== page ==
After running the story last week on the 2030 ban of new Petrol and Diesel cars, it was announced officially overnight, the original story is available to read by clicking here.
On this post, we will be bringing you reaction and comments from the industries leaders, this will be updated during the week.
Klarius response to 2030 ICE end of sale date announcement
Mark Brickhill, Chief Executive Officer said “Could the 2030 UK Government ban on new petrol and diesel only cars be good for the aftermarket?” Asks Klarius CEO Mark Brickhill…
“The answer, in the short to mid-term could be ‘yes’ if you look past the populist politics. Most manufacturers are introducing mainly hybrid vehicles now anyway, and plans for an electric-only future are hampered by lots of practical issues that are not going to go away any time soon. Internal combustion (IC) cars are also lasting longer too.
Modern Euro 6 vehicles are generally very fuel efficient and definitely very clean in terms of emissions; so the environmental argument is being addressed – while a more sustainable power generation infrastructure is built-up. What is clear is that the aftermarket will need to provide support for these vehicles for a long time to come.
The announcement simply underlines that plug-in hybrid (PHEV) and latest generation of mild hybrid 48V (MHEV) powered vehicles are going to be the focus for the foreseeable future. Legislation aside, cost and practicality considerations also mean that this will probably be the case way past 2030.
Klarius along with many other leading manufacturers of automotive components and consumables will be there to support the replacement needs of all these vehicles – helping to maintain their emissions and performance standards long into the future.”
Ricardo response to 2030 ICE end of sale date announcement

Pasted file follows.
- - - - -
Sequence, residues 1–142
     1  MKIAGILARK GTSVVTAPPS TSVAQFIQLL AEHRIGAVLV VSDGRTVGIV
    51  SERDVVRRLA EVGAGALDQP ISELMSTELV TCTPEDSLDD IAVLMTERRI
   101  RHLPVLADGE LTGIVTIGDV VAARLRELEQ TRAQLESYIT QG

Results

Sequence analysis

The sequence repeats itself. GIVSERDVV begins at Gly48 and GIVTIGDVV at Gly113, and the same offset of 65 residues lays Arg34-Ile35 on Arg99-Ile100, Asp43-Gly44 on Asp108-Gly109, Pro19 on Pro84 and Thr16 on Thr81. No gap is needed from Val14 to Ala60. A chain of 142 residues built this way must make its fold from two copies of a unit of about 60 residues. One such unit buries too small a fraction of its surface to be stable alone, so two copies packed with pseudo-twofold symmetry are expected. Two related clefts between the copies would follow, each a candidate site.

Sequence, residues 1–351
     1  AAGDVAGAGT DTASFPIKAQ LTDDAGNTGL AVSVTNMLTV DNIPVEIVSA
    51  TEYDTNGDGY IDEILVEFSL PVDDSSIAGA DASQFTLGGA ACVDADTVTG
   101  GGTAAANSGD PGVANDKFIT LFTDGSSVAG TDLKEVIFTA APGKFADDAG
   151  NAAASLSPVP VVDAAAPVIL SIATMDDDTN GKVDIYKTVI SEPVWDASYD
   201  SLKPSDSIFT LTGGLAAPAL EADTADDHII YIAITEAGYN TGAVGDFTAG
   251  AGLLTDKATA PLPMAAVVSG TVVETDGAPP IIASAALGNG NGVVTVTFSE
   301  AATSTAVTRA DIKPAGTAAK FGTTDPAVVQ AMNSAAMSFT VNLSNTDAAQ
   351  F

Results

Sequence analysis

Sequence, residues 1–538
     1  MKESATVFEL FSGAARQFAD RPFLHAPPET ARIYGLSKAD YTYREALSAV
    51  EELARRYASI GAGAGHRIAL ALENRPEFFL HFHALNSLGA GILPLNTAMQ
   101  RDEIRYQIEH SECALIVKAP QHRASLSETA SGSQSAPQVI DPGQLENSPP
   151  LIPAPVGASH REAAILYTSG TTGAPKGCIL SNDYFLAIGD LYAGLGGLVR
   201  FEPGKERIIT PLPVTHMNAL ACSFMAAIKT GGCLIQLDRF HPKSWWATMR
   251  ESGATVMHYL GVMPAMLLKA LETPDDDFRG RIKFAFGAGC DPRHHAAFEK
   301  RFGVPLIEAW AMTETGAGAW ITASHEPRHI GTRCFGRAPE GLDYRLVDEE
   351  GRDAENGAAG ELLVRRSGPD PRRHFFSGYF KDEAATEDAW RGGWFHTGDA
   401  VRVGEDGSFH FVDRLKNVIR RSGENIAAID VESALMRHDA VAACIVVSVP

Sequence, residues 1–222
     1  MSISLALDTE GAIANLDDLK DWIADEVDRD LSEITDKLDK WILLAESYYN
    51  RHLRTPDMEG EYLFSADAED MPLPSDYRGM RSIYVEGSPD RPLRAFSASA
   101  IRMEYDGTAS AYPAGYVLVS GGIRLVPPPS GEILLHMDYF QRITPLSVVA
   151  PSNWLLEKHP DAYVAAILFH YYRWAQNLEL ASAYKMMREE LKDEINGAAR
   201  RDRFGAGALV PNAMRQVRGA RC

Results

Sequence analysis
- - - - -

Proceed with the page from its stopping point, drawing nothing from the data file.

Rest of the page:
Stephen Dyke, Managing Director said “The priorities announced in the ten point plan resonate strongly with those of Ricardo. Transport electrification is already central to our business, and we are actively assisting customers with the development of advanced battery electric and hybrid vehicles. In particular, we have developed deep expertise in the area of battery packs and sophisticated control electronics and software, in order to improve energy storage capacity and thus resolve the issue of range anxiety among prospective buyers of electric vehicles.”
IGA response to 2030 ICE end of sale date announcement
Stuart James, Chief Executive said “Whilst the Independent Garage Association (IGA) supports the government’s green agenda, the desire to push to a full Hybrid Electric Vehicle (HEV) car parc by 2030 is very ambitious considering there are many issues still unresolved,” states Stuart James, Chief Executive of the IGA.
“There are a number of logistical questions that need resolving ahead of the ban. Electric vehicles are highly priced compared to their petrol and diesel counterparts, and the government needs to ensure that consumers have a more affordable choice to maintain their mobility.
“There are also many unanswered questions surrounding HEV battery life, the sustainability of producing these batteries, and charging point infrastructure. Many consumers are wary of buying a HEV, and until they become more affordable and the driving ranges are seen to increase sales, growth is likely to remain low.
“The independent garage sector is well positioned to support customers with servicing and repairs on these vehicles, and over the past five years have been preparing through over 5,000 HEV Awareness and Safety courses delivered by the IGA.”
“While the drive to reduce carbon emissions is vital for the long term future of our planet, the government has a long journey ahead to overcome these hurdles before 2030.”
NFDA response to 2030 ICE end of sale date announcement
Sue Robinson, Chief Executive, said: “The Prime Minister has confirmed that the UK will end the sale of new petrol and diesel cars and vans by 2030. However, the Government will allow the sale of ‘hybrid cars and vans that can drive a significant distance with no carbon coming out of the tailpipe until 2035’.